Odessa Gorge Circuit

In preparation for my upcoming 40th birthday 14er trip to bag the Crestone Traverse, I wanted to get in some snow climbing and some rock scrambling.  I suggested we try one of the cols in Odessa Gorge for a start; Brian agreed.

We left the Bear Lake parking lot at 7am and headed up toward Lake Helene.

Our route with sequence numbers corresponding to route description below

Step 1

I had originally liked the look of the East Couloir, but a team got into it ahead of us.  We didn’t want to eat rolling snow for 1000’ so we turned up the “Hourglass” (class II W14 per Rossiter); it is the middle couloir of the three Flattop Northface couloirs.

The snow was in good shape but the temperature was very warm, so we hurried to finish before the snow turned problematic.  We made good time until reaching the overhanging cornice blocking our access to Flattop.

We worried about the cornice falling on us and about us falling off the cornice, so we setup a belay behind some big boulders near the top on the left side.  Brian found/made a path over the cornice involving some tunneling and some mantling; my position off to the left provided good protection from the massive snow chunks raining down the slope.  He then brought me up and we moved a few yards east to reach the Tonahutu Creek trail.

Step 2

For the next portion of the day, the plan was to follow the Continental Divide in a traverse of the top edge of the gorge and then descend via a traverse to the summit of the Little Matterhorn.

After a short break, we headed west and then turned the north at Ptarmigan Pass to follow the Continental Divide.  A short bit of hiking led us to the back of Notchtop Mountain (12160’), which we studied for a short time, reminiscing about the climbs we’d done on that rock.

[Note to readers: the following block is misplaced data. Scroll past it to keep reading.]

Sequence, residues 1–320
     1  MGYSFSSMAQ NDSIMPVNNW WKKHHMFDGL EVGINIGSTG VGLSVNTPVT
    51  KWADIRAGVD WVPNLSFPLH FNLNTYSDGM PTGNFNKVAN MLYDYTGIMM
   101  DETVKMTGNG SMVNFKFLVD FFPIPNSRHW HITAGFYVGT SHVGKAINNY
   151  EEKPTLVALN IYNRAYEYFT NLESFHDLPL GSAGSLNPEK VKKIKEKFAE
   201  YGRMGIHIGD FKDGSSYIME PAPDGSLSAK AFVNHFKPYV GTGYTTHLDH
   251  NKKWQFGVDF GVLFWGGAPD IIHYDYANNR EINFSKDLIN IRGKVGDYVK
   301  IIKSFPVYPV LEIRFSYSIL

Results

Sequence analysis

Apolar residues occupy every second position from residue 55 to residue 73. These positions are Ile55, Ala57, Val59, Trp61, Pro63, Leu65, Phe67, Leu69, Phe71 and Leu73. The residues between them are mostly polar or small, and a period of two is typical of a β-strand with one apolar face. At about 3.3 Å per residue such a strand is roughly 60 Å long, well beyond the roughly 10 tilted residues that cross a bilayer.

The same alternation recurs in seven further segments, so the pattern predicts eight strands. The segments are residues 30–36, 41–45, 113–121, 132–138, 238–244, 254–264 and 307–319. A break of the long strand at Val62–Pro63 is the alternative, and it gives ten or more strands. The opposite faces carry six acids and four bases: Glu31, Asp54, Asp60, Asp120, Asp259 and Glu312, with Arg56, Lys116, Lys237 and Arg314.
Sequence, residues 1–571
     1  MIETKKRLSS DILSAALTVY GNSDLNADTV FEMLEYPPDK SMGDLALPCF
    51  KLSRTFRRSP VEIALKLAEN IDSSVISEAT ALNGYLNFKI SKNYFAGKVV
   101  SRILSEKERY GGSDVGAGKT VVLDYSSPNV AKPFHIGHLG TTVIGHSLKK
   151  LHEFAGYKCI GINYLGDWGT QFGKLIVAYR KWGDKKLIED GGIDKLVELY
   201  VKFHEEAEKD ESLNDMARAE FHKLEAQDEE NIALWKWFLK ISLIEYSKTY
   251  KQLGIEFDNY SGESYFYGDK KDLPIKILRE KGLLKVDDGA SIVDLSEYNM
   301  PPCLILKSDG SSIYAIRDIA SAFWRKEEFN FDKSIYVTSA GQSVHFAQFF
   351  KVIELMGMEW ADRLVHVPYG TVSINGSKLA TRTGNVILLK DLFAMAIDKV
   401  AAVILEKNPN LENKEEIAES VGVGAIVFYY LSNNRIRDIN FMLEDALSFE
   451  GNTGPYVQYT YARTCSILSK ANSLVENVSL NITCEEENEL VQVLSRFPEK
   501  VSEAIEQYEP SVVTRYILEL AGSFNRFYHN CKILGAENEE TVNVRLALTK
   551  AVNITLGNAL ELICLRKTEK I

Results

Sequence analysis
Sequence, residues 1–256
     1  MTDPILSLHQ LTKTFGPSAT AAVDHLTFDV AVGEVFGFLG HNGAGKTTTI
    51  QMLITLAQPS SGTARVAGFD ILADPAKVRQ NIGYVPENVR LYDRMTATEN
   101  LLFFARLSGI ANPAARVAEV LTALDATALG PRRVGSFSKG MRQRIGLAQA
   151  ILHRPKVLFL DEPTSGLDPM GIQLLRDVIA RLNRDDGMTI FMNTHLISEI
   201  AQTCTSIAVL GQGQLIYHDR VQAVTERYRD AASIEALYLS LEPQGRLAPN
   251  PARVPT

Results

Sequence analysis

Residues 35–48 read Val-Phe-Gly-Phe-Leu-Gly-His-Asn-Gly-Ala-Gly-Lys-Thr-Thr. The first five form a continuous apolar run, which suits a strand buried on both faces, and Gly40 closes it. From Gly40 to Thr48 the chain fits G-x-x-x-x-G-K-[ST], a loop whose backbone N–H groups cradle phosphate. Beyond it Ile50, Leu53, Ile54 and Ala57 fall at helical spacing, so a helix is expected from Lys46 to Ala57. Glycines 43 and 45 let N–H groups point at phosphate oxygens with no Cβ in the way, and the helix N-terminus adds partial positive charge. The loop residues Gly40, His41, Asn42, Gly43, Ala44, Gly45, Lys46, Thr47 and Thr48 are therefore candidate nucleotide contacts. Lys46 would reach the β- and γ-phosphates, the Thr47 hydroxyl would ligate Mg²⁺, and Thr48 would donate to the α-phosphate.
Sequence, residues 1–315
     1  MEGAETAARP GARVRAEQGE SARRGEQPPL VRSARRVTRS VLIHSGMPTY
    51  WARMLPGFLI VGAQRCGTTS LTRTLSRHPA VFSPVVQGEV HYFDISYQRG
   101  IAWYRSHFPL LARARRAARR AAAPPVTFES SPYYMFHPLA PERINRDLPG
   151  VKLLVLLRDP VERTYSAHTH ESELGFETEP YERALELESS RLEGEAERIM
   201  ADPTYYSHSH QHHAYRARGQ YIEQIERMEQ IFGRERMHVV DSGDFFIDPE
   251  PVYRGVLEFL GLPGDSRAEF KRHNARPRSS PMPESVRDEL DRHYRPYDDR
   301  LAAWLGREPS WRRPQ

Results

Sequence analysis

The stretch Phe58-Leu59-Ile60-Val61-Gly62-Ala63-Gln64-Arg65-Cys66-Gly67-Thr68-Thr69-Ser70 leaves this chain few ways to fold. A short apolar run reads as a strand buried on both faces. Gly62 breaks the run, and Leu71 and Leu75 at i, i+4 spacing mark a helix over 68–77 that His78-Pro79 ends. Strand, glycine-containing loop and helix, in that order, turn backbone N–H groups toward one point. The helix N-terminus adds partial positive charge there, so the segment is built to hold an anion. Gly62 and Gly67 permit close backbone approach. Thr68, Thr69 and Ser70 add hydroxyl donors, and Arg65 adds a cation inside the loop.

Cool view of Flattop and our snow route from Notchtop, with Longs, Hallett & Taylor in background

Step 3

Continuing roughly north along the Continental Divide, we made it to Knobtop Mountain (12.331’) where we stopped to look for a route to the Little Matterhorn.  I gazed over at Gabletop Mountain, thinking this might be my only chance to bag it, but I needed to get some rock scrambling practice in advance of the upcoming Crestone Traverse.   I stuck with the plan.

Step 4

We started down the Knobtop ridge and found the terrain, while a bit loose, was sufficient for a proper ridge traverse.  We stayed on the ridge much of the time until we reached the end of the ridge and the Little Matterhorn (11586’).  To get onto the summit of the Little Matterhorn, we had to negotiate some challenging, but with a bit of route-finding, not overly difficult terrain.  I’d call it 4th class, just to be conservative.

Joe on Little Matterhorn summit with Notchtop in distance

We scrambled up to the summit of the Little Matterhorn and found it to be a worthy summit with great views into the Odessa Lake area.  We also found a cool chimney on the north side that we descended a bit just to play around on nice rock.  I later read in Roach’s RMNP book that the Little Matterhorn is the lowest elevation peak in his book.

Little Matterhorn

Step 5

Out of water and dried up likes prunes in the hot sun, we scrambled down to Grace Falls.  At the bottom, I turned around to look at the Little Matterhorn.  I could see why it made it into Roach’s book.  It is a spectacular little peak.  And I could even see how it got the name of Little Matterhorn…it sort of looks like the real thing, just on a smaller scale.

Then we bushwhacked up to the Fern Lake trail, which we hiked to cover the 3+ miles back to the Bear Lake parking lot.  Sunburned and dehydrated, we didn’t make any attempt to make a fast escape; we were just glad to be under tree cover and heading back to the parking lot.

We arrived at the parking lot at 4:30pm for a 9.5-hour round trip covering approximately 12 miles.

Come on Crestones! (see 5 14ers for my 40th)

See all trip reports

See RMNP trip reports

Advertisements

Tags: , , , ,

Leave a Reply

Fill in your details below or click an icon to log in:

WordPress.com Logo

You are commenting using your WordPress.com account. Log Out / Change )

Twitter picture

You are commenting using your Twitter account. Log Out / Change )

Facebook photo

You are commenting using your Facebook account. Log Out / Change )

Google+ photo

You are commenting using your Google+ account. Log Out / Change )

Connecting to %s


%d bloggers like this: